They have shown me an example I want to follow, and I’m right behind their concern that those who have so blatantly attempted (and succeeded for 23 years) to pervert the course of justice are now brought to trial and thoroughly punished. I so badly hope they are. I’m under no delusion that my sense of personal injustice is more than dust on the scales compared to that of those across the world who are in prison for life, shot, wounded, deprived, robbed, persecuted and abused because of corruption in high and not so high places.

The thought that our institutions are regarded as ‘the best in the world’ sends a shudder down my spine as I find how low they have sunk, and leaves me with a couple of disturbing questions:  1) “What can I do about it?” and 2) … “Am I prepared to pay the price?”

The first answer is that I’m not sure I want to know.

The second answer… well, I’m working on it, but right now, to say yes would be ‘anything but the truth.’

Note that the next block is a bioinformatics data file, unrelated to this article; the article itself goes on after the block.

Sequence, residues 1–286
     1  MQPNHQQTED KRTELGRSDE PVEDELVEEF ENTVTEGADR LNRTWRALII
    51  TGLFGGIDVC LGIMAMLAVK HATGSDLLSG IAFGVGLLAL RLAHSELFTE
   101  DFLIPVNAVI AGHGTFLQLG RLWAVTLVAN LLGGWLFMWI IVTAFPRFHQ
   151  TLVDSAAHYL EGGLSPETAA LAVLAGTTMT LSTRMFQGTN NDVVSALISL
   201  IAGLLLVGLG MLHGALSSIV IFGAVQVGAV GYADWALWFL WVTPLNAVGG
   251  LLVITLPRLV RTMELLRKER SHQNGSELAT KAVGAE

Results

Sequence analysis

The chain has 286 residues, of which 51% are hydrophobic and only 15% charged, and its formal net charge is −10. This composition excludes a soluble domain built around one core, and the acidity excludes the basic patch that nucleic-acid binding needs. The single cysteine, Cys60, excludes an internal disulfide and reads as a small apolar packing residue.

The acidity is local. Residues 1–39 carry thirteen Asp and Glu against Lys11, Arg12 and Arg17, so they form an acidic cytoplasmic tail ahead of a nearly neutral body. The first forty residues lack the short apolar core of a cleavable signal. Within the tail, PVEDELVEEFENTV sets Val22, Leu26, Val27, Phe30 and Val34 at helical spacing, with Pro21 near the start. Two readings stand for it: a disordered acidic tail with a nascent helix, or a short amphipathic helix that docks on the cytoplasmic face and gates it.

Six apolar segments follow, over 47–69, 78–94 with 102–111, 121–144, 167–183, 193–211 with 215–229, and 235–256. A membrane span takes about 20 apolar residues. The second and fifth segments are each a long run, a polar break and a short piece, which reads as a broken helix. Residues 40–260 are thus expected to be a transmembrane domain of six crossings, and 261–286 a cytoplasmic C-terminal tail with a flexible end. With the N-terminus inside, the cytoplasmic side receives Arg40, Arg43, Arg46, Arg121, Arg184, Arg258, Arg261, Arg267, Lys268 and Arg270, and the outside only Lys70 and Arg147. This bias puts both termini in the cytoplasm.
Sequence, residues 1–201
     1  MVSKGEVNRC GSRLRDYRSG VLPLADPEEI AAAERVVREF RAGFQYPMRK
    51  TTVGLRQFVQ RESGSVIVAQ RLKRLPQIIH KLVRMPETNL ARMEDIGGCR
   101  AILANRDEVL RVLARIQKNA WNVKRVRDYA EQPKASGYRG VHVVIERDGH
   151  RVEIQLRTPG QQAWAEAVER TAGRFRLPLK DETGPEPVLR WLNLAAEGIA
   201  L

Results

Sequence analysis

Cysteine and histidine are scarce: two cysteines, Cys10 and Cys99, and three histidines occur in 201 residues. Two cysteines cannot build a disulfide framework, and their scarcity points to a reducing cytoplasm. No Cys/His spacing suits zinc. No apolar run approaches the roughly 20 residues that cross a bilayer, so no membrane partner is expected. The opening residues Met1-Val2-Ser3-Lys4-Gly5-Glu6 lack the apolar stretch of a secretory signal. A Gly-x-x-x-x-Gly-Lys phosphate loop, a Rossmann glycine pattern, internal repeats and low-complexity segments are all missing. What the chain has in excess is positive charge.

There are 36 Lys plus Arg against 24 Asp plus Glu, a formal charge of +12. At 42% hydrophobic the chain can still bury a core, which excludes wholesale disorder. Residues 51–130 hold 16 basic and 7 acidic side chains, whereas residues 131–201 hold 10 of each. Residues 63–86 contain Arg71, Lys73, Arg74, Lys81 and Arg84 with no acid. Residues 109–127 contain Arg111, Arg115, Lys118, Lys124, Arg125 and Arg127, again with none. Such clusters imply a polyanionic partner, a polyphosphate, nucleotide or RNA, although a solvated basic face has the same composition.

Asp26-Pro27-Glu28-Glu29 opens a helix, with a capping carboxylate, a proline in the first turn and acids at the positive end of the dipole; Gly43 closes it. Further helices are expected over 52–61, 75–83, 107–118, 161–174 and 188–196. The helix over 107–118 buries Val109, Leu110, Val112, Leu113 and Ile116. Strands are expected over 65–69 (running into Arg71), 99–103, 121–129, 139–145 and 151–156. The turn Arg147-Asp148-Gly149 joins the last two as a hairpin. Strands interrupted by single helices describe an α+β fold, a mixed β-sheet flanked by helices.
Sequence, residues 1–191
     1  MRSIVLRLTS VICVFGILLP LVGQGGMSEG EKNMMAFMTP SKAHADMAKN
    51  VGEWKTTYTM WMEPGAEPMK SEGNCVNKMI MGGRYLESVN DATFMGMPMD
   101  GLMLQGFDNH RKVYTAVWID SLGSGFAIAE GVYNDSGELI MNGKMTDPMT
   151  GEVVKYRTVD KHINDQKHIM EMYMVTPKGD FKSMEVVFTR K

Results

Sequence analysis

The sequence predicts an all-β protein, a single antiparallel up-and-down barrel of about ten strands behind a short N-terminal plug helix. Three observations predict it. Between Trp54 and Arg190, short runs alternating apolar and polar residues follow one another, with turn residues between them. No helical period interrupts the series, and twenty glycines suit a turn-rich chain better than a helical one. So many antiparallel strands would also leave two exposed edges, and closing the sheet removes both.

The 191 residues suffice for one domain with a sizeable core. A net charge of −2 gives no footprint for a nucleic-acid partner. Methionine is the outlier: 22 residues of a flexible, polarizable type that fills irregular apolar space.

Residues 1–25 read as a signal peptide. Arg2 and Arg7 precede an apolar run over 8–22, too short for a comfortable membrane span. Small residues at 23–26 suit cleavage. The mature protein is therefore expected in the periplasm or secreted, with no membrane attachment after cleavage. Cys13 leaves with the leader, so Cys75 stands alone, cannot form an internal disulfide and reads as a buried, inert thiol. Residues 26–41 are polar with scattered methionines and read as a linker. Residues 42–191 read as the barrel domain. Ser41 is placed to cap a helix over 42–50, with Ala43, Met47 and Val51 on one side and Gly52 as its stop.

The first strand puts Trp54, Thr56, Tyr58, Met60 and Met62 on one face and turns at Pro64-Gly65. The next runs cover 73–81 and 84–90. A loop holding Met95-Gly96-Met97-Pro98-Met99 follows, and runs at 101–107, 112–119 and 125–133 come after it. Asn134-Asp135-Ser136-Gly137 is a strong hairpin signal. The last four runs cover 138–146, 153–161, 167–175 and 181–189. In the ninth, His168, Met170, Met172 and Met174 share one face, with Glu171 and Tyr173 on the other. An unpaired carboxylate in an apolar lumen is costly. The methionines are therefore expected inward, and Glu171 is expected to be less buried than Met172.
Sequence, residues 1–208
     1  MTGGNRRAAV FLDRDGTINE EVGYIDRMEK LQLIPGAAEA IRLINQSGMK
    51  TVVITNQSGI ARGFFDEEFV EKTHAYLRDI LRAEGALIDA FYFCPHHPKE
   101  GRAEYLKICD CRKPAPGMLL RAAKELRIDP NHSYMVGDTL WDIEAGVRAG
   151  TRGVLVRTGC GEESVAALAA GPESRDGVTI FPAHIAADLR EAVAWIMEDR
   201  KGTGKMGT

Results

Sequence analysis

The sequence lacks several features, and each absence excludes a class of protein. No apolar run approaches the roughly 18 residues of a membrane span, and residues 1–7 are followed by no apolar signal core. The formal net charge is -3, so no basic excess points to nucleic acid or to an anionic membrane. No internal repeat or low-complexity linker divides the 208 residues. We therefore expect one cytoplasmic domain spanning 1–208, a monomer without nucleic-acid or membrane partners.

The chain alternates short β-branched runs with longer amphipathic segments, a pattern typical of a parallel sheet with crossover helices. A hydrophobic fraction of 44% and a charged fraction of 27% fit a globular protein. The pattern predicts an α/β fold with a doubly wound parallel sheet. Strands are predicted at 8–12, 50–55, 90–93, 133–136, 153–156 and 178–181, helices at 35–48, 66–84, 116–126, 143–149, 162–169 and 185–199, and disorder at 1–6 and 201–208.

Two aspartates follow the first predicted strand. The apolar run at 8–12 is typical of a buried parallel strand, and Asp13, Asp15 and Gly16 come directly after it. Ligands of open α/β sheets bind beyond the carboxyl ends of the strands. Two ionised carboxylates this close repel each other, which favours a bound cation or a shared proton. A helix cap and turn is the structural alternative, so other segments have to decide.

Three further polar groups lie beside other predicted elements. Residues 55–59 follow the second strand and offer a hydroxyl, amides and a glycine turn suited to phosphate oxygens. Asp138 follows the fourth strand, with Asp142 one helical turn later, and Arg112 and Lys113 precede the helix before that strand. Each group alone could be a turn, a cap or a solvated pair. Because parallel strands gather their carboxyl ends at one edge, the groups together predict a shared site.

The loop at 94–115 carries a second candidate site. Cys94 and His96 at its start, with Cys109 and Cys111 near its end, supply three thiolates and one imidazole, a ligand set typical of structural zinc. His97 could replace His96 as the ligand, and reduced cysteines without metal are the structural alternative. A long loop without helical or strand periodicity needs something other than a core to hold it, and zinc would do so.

Max Winchester Visits Bethlehem

Max hadn’t intended to visit Bethlehem. The truth is, geography never has been his strong point, and satellite technology isn’t either. When the word ‘Stable’ had come up on his TomTom, he’s assumed that it meant something completely different. He’d hit the ‘Go’ button – with a degree of his normal trepidation – and driven off into the night. Mrs Winchester, knowing the limits of her beloved husband’s technological skills, and aware that he’d left his trusty AA map at home, went to bed a little worried. In the morning, when his side of the bed had remained unslept in, she phoned the police.